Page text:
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PERONAL FINANCE: What are the pros and cons of 'no-deposit' mortgage deals for first-time buyers?

First-time buyers have been offered some new lifelines by lenders to make the jump on to the property ladder
First-time buyers have been offered some new lifelines by lenders to make the jump on to the property ladder First-time buyers have been offered some new lifelines by lenders to make the jump on to the property ladder

FIRST-time buyers have been offered some new lifelines by lenders to make the jump on to the property ladder.

One of them is a zero-deposit mortgage from Skipton Building Society, which is aimed at renters looking to make the transition to home ownership.

The "track record" mortgage is available to those who can show evidence of a minimum of 12 months of rental history, as well as passing credit and affordability checks.

Rising rents have added to the mix of surging living costs to make it harder for some people to save anything for a deposit - and many people don't have help from the "bank of mum and dad" to help them raise additional funds.

There are some other "no-deposit" deals on the market - though these often require some additional financial backing though from family members or friends.

David Hollingworth, an associate director at broker L&C Mortgages, explains: "A number of lenders offer deals that can lend as much as 100 per cent of the purchase price, but require the parent to put down some additional security.

"That will usually require them to lock away some cash or put up spare equity in their own home as additional security for the lender."

Barclays has a "family springboard" mortgage allows people to get on the property ladder with no deposit, but they must have a "helper" who can deposit the equivalent of 10 per cent of the purchase price into a linked savings account.

Halifax has a "family boost" mortgage and Lloyds has a "lend a hand" mortgage, which work in a similar way.

One major advantage of zero-deposit mortgages is that they can accelerate people's plans to get onto the property ladder.

If a family "helper" is needed to deposit money into savings, they will often earn interest on this cash.

But, there may also be some potential drawbacks or risks, which need careful consideration.

For example, the bigger the deposit someone has, the lower the mortgage rate they will often be offered, so having no deposit could work out more expensive over the course of the mortgage deal.

Hollingworth says: "Getting a deposit together will open up better rates as a general rule."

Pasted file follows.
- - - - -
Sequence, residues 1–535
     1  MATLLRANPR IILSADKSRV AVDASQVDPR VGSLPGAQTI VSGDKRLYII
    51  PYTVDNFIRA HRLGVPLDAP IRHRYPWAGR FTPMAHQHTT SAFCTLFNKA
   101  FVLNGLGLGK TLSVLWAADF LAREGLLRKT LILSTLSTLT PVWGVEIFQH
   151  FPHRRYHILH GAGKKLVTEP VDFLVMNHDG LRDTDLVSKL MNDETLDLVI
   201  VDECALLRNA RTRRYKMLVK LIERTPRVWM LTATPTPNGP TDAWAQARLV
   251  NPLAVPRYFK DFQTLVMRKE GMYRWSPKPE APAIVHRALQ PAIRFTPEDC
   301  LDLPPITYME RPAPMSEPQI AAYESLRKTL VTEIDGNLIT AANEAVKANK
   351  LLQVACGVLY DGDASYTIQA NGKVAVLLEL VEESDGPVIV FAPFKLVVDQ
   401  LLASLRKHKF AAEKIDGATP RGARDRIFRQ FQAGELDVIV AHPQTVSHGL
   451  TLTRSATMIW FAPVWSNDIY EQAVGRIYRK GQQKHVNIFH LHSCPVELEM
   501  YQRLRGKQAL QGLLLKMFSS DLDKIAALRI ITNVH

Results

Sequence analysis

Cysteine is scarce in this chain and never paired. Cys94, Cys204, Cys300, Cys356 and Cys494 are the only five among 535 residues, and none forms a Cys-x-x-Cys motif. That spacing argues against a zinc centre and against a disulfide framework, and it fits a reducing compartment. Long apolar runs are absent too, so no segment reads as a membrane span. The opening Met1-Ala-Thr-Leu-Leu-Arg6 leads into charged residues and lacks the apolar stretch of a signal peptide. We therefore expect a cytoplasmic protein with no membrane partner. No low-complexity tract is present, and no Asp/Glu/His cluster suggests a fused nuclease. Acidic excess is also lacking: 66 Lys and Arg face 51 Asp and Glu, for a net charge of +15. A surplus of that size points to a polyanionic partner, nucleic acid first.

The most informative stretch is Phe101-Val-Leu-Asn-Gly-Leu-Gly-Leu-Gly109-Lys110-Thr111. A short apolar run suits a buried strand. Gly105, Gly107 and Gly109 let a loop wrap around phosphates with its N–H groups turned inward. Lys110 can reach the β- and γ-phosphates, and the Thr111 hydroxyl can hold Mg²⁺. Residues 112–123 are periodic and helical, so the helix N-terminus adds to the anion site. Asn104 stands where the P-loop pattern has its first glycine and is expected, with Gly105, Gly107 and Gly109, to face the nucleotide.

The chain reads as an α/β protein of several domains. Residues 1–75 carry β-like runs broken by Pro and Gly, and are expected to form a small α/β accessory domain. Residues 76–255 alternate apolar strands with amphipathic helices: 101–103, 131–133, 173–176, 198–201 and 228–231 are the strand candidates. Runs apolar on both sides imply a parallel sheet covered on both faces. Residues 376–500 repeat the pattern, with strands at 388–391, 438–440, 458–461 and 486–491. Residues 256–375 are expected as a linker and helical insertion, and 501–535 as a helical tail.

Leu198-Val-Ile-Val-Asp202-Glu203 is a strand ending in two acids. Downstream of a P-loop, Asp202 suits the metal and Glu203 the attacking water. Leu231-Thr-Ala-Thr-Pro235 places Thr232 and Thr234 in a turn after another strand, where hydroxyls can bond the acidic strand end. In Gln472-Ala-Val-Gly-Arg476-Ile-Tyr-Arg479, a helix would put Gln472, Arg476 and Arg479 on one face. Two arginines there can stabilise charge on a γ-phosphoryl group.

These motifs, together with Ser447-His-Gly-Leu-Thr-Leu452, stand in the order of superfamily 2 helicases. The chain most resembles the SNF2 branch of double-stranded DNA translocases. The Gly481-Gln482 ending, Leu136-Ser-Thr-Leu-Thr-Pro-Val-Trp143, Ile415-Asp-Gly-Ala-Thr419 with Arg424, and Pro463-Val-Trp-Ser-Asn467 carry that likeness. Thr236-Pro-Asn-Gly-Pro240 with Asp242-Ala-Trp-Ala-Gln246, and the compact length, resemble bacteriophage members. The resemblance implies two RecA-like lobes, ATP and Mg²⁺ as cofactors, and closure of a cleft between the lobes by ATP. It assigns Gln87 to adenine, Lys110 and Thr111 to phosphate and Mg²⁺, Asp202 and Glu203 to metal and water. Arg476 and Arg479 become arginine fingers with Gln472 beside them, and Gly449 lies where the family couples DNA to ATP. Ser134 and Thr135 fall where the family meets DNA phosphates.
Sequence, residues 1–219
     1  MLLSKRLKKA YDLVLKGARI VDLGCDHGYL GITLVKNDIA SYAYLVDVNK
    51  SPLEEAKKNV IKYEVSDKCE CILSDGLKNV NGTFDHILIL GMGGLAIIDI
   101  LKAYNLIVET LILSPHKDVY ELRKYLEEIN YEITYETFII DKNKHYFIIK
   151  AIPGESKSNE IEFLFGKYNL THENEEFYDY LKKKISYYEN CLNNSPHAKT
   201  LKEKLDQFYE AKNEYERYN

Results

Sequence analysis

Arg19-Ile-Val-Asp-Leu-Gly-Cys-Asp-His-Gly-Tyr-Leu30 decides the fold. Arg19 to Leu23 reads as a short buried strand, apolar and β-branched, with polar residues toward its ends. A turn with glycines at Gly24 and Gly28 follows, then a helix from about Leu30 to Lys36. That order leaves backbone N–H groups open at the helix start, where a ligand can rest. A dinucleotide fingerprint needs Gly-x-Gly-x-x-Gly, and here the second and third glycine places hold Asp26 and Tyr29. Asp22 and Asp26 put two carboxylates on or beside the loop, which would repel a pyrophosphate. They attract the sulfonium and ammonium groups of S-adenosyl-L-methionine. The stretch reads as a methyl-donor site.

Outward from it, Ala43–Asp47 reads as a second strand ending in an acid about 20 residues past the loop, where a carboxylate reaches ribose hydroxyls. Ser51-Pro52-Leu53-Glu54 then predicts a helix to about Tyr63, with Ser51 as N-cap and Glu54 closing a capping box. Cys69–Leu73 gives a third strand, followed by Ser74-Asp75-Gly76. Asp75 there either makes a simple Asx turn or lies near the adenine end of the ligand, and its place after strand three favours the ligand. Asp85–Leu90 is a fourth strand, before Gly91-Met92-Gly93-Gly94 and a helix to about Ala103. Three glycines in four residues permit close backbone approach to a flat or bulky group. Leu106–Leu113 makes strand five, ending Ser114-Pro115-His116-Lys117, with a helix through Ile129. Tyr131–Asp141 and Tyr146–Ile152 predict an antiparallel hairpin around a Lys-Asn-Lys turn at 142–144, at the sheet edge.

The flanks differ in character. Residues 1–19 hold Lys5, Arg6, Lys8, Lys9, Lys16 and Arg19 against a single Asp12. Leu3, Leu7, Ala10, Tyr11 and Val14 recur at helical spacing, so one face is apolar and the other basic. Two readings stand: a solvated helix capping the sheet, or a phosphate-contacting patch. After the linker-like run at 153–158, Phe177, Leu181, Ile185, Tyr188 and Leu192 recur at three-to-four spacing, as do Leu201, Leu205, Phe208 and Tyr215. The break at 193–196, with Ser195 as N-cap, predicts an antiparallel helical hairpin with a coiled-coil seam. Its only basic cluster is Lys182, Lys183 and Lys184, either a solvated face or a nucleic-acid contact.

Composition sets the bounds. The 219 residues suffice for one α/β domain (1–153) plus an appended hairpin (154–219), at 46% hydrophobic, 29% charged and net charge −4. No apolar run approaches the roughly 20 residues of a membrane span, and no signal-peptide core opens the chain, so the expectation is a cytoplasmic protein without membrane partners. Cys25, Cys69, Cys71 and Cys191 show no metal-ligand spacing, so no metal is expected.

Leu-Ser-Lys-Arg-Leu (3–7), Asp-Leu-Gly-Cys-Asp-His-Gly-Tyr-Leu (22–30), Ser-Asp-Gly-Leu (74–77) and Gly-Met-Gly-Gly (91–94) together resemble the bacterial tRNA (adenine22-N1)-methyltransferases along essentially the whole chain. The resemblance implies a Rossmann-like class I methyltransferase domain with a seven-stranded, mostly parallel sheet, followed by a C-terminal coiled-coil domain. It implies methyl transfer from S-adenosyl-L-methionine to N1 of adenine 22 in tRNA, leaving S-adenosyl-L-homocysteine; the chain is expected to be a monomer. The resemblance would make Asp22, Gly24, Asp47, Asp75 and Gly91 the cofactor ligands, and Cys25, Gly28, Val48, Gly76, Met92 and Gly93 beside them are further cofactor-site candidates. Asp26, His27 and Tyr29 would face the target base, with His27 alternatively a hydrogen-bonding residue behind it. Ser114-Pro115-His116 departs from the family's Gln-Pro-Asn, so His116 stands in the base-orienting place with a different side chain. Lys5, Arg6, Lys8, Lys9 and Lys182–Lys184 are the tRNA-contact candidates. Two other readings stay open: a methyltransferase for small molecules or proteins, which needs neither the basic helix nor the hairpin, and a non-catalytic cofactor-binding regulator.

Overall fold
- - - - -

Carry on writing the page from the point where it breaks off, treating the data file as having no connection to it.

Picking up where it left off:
There is also the risk when you have little or no deposit of falling into negative equity - that's when the loan you've taken out ends up being worth more than the property. This can happen at times when house prices are falling.

But, Hollingworth points out: "Equally, if prices rise it could help to get on the ladder sooner rather than watching prices edge further away."

There may also be restrictions on the type of property you can buy, for example the Skipton deal excludes new-build flats.

Borrowers - and their family helpers - should also consider what could happen if they default on the mortgage.

Lenders often state in their rules that savings will be returned with interest after a set period - provided that the borrower has kept up with their payments.

Hollingworth says: "If things went badly wrong and the first-time buyer property was repossessed and sold at a shortfall then the lender could call on that security to cover the outstanding balance."

Zero-deposit mortgages have come under the spotlight just as the average price tag on a first-time buyer home across Britain has hit a record high of £224,963, according to Rightmove.

Tim Bannister, Rightmove's property expert, says: "We're seeing that buyers are spreading their search wider when looking for a home compared with last year and before the pandemic, to find the right home within budget.

"This is something that has become more possible with flexible working arrangements."

Borrowers also face the hurdles of passing affordability and credit checks in the first place.

In another innovation to help first-time buyers, Leeds Building Society has partnered up with Experian Boost.

This means that some additional regular payments - including subscriptions to digital entertainment services such as Netflix or Spotify - can now contribute to credit scores and be factored into mortgage applications to the Society.

Unfortunately for first-time buyers, the choice of ultra-low deposit mortgage deals has shrunk compared with a year ago.

According to website Moneyfacts, there were 212 5 per cent deposit mortgage products on the market on May 1 2023, down from 369 on May 1 2022.

For people with a 10 per cent deposit, there were 675 products on May 1 2023, down from 692 on May 1 2022.

Richard Donnell, executive director at Zoopla, says: "High loan-to-value mortgages of over 90 per cent have become a small part of the mortgage market, much smaller than in previous decades.

"This is due to lower risk appetite amongst banks but also the impact of regulatory changes in 2015 that saw much tougher testing of housing affordability for new borrowers.

"These changes were designed to stop households taking on too much debt when interest rates fell to record lows."

Adam Wolfryd, from estate agent Hamptons in London's Canary Wharf, suggests that first-time buyers should consider all the incentive schemes available.

Lifetime Isas, for example, help people to save for their first home and the Government adds a bonus to these savings.

He also suggests that first-time buyers sharpen their negotiating skills, for example, by checking whether white goods are included in the sale.